President Vladimir Putin did not indicate in his March 2018 address which missile or missiles would incorporate artificial intelligence. But there are two prominent candidates: the hypersonic vehicle “Avangard” and the cruise missile “Burevestnik”.

Russian press has described Burevestnik as “limitless power for unlimited range, flying continuously at high speed, and perhaps artificial intelligence for autonomous maneuvering and navigating ‘to pierce any missile defense’”.

Consequence for Western Security Community

Currently, Russia is developing “next generation” strategic weapons outlier of the New START Treaty that is set to expire in 2021. As the termination of the INF Treaty was on 2 August 2019 and the new START has a low chance of survival, both the US and Russia announced Research and Development (R&D) projects on new generations of nuclear weapons.

The US general General Hyten worries about new Russian nuclear delivery systems—the Poseidon underwater drone, the Burevestnik nuclear-powered cruise missile, the Kinzhal (Dagger) air-launched ballistic missile, and the Tsirkon (Zircon) hypersonic cruise missile—that would not be taken into account by New START. He said that these weapons could ultimately pose a threat to the United States and that he believes that the US and Russia may expand the New START, thus counting them under the treaty. While it is unlikely to be put into service in the foreseeable future, Burevestnik should have no impact on the renewal of the new START.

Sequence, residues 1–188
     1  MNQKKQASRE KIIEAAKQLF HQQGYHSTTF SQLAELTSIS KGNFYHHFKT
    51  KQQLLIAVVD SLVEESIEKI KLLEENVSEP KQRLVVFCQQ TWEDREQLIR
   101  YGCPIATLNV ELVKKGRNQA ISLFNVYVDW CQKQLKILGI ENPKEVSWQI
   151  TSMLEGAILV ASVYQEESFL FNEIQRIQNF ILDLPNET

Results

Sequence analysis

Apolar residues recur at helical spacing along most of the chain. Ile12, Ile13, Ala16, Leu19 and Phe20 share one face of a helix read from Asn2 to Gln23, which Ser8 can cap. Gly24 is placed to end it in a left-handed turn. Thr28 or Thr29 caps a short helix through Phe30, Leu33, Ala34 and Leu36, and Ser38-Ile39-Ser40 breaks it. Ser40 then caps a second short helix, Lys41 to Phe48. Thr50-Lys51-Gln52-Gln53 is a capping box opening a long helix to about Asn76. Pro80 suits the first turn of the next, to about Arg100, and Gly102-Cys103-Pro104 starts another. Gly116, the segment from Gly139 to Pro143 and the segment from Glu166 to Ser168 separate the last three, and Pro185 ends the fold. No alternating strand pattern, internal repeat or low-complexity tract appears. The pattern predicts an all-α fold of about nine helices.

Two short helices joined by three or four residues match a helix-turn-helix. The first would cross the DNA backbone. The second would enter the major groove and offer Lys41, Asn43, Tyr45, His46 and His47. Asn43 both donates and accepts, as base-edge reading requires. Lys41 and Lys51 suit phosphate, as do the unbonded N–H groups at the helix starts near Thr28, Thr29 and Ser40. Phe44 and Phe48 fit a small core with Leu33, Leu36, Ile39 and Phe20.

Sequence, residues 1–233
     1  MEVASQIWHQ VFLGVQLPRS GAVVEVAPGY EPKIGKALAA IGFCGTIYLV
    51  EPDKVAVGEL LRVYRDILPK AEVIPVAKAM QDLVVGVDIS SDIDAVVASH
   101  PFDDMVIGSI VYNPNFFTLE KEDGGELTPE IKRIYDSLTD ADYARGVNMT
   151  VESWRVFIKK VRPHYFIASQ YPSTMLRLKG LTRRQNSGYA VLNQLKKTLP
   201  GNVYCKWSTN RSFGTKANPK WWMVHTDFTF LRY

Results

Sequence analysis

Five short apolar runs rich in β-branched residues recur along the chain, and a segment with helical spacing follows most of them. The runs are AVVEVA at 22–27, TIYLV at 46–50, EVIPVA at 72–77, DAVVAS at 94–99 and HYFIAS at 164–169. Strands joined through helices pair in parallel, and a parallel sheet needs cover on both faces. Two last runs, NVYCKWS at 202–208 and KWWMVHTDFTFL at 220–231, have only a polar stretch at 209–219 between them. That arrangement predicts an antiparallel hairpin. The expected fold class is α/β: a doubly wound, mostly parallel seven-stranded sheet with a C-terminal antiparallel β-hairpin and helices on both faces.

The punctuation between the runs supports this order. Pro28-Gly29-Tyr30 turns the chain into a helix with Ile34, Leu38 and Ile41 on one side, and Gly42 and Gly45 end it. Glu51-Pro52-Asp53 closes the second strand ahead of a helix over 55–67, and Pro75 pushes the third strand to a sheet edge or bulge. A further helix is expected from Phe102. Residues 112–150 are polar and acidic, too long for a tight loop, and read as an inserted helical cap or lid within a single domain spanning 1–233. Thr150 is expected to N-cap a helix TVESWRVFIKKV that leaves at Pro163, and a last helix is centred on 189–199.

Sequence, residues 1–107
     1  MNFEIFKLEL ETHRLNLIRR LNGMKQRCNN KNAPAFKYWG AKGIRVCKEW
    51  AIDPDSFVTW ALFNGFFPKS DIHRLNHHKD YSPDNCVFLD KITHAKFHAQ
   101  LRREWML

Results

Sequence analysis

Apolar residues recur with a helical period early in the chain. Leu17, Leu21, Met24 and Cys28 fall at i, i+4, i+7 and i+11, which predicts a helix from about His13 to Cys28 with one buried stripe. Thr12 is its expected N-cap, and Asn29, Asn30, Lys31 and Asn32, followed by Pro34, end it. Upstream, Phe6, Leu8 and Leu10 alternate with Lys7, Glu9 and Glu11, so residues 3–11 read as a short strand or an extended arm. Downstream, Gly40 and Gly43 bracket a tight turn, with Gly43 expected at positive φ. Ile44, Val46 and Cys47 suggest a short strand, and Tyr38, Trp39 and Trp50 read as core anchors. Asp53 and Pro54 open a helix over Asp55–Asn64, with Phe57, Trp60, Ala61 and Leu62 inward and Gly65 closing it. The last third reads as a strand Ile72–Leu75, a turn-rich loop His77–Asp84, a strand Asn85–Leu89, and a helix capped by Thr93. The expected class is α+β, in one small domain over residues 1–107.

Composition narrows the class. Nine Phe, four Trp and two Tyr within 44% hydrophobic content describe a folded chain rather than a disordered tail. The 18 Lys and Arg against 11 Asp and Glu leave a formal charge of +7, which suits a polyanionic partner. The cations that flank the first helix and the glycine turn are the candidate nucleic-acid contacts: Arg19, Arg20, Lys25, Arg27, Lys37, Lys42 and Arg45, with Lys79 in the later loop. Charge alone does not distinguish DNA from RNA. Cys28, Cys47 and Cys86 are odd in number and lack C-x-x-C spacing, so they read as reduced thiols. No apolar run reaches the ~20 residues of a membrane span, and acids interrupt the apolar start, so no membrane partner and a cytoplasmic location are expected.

Russian hypersonic technology currently is at the production phase; however, the US is in the testing phase, and NATO allies France and the United Kingdom have made no further progress on this domain.

As a result, if produced successfully, Burevestnik will enable Russia to threaten Europe and the U.S. without having to physically approach with launch platforms and based on warheads (nuclear, super energetic radio frequency) to inflict great harm and damage.

While China is pursuing a long-term approach to develop strategic technologies and close the capability gap with west, Russia is taking the initiative to triumph over US technological superiority. Particularly recent Russian projects focusing on hypersonic speed and extended range have the potential to pose a substantial threat to western security by undermining western air defense architecture.

 

 

*Aziz Erdogan, PhD is a non-resident fellow at Beyond the Horizon ISSG.

 

[1] Burevestnik is a Russian name for the petrel, popularized by Maxim Gorky’s poem “The Song of the Stormy Petrel“.

[2] A cruise missile with a nuclear engine, RS-28 Sarmat intercontinental ballistic missile (ICBM), nuclear-tipped Avangard hypersonic boost-glide vehicle, Kanyon or Status-6 nuclear-armed unmanned undersea vehicle, nuclear and conventional air-launched hypersonic cruise missile Kinzhal, and a short-range directed-energy system similar to the U.S. Navy’s own AN/SEQ-3 Laser Weapon System.